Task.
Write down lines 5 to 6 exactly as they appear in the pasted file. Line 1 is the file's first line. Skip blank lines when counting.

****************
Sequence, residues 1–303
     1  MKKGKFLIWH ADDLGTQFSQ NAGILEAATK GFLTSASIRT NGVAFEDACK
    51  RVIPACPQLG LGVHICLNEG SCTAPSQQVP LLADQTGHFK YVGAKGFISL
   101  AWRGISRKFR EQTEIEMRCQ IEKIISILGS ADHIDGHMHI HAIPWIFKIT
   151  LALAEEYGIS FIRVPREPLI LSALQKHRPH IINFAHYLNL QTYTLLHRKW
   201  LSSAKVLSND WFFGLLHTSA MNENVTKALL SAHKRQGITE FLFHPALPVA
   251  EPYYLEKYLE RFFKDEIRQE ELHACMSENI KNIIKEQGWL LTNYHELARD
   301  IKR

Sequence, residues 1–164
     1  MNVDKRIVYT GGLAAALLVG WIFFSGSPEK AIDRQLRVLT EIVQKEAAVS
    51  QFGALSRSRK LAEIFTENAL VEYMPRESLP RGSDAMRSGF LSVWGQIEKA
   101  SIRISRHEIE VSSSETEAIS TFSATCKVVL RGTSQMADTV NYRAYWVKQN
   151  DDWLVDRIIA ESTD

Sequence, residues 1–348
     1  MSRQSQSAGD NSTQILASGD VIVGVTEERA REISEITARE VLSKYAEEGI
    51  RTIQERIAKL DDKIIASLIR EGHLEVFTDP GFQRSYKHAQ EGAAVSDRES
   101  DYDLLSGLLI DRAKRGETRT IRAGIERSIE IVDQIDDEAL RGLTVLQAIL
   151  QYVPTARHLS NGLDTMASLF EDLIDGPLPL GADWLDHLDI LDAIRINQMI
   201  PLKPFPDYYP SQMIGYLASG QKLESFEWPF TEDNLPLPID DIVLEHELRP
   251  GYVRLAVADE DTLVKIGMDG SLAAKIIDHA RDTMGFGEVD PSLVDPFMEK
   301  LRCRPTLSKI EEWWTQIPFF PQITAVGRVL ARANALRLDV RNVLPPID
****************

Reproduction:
   151  LALAEEYGIS FIRVPREPLI LSALQKHRPH IINFAHYLNL QTYTLLHRKW
   201  LSSAKVLSND WFFGLLHTSA MNENVTKALL SAHKRQGITE FLFHPALPVA